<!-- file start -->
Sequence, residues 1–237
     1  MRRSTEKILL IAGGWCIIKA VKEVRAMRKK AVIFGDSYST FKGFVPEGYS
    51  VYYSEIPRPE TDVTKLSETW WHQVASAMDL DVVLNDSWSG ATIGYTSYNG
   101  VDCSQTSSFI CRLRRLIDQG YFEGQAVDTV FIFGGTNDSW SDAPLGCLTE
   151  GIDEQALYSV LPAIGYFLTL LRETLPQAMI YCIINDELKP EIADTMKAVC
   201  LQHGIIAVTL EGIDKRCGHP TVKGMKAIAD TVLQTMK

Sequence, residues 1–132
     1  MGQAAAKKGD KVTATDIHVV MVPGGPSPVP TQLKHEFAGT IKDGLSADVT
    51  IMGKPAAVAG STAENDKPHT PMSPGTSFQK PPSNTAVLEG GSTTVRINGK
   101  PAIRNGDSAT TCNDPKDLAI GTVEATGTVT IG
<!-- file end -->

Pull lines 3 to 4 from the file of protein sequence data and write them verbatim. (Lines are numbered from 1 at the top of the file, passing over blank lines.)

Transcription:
    51  VYYSEIPRPE TDVTKLSETW WHQVASAMDL DVVLNDSWSG ATIGYTSYNG
   101  VDCSQTSSFI CRLRRLIDQG YFEGQAVDTV FIFGGTNDSW SDAPLGCLTE